The stroke burden in India is surging according to recently-reported data from the Indian Stroke Association. This is in stark contrast to high-income nations which have, on average, seen rates gradually decline.
The Indian Stroke Association claimed that India’s burden increase has amounted to almost a 100 percent increase over the last few decades. Dr MV Padma Srivastava, head of the Neurosciences Centre at the All India Institute of Medical Sciences (AIIMS) says, “stroke has become the fifth leading cause of death in 2016 from [the twelfth leading] cause in 1996 and claims 119-145 lives in every 100,000 population…every year, 1.8 million people suffer stroke in India, but we have only about 2,000 neurologists.”
This lack of trained medical experts capable of dealing with the ever-growing number of individuals suffering from strokes is felt more strongly in rural areas. “Our study in rural India showed that mortality is higher than the Indian average,” commented Dr. Jeyaraj Pandian, vice president of the World Stroke Organization (WSO) “In Gadchiroli, Maharashtra, it was found to be 194 in every 100,000 population while rural areas around Ludhiana, Punjab, the mortality is 210 in every 100,000 population.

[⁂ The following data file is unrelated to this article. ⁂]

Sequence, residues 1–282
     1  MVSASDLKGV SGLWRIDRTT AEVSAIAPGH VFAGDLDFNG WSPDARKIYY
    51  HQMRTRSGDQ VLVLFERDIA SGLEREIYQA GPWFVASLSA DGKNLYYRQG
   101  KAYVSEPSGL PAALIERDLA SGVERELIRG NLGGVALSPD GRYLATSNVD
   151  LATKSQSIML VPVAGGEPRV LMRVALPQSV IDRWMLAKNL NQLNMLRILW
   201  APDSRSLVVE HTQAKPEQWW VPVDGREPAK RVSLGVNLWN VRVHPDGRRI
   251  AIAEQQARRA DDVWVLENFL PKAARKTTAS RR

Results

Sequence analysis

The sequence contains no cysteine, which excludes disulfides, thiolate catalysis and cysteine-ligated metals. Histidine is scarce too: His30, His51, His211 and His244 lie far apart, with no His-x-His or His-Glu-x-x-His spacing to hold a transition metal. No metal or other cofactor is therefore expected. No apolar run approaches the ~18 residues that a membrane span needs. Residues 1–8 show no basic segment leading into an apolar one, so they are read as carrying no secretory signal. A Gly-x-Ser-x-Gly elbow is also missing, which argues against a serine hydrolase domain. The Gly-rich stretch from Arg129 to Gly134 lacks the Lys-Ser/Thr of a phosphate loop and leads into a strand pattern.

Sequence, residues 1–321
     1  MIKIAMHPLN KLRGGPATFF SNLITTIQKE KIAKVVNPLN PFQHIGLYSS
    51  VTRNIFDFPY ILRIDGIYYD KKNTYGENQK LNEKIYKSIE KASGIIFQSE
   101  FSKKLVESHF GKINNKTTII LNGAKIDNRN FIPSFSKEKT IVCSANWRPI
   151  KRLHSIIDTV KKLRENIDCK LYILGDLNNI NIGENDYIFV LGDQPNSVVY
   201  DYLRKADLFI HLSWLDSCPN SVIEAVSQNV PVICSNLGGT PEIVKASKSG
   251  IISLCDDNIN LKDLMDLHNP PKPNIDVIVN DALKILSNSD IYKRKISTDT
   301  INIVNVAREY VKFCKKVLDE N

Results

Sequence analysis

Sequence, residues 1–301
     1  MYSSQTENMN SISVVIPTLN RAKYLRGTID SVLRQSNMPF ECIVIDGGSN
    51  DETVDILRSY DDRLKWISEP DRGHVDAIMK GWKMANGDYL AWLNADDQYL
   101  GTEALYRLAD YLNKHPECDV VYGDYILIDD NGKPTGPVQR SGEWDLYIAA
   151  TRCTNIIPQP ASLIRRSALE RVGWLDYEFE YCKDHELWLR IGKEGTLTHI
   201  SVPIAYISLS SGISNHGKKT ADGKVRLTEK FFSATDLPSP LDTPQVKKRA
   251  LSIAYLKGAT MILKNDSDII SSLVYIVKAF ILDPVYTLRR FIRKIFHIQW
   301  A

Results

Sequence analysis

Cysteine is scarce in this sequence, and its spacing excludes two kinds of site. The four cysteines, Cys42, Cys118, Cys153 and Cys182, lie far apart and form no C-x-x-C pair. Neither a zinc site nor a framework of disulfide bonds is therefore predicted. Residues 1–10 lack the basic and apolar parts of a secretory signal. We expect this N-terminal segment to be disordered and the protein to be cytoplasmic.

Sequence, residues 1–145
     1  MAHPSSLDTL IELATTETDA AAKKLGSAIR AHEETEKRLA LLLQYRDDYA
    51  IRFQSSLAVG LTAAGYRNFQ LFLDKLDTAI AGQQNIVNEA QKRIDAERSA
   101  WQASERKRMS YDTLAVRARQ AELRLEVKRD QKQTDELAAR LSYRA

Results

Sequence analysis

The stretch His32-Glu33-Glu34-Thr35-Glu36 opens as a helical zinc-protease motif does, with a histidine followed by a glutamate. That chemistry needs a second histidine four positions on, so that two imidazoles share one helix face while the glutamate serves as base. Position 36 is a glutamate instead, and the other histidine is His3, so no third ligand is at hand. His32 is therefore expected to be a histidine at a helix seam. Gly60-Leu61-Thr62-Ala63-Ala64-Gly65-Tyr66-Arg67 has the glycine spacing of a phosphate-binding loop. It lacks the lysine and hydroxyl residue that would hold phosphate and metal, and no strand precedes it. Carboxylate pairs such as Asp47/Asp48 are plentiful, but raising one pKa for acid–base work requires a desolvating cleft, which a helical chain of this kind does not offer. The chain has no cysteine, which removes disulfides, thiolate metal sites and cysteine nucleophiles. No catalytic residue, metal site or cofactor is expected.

“The gaps in India include prehospital care, stroke services, thrombolysis and rehabilitation of stroke patients that we need to address to bolster our continuum of care.”
Shifting lifestyle factors such as the increase in office-based, physically undemanding occupations, as well as dietary shifts to unhealthy, overly processed foods, have considerably increased the presence of risk factors for strokes within India.
“Many of the risk factors associated with a stroke are similar to those of heart disease,” as previously noted by Health Issues India. “Obesity, lack of exercise and smoking are all well-established risk factors. While the condition may not always be lethal, it can cause severe disability. In poor families who cannot afford care or treatment, this can later result in the individual passing away.”
For the burden of stroke to be properly addressed, diagnostic services must improve. A key issue, particularly in rural locations where access to healthcare is limited, is that the condition often goes undiagnosed. For many this can severely impact the quality of their life moving forwards. For diagnostic services to be improved, the considerable gap in trained personnel must first be addressed — a task that is unlikely to be solved within a short period of time.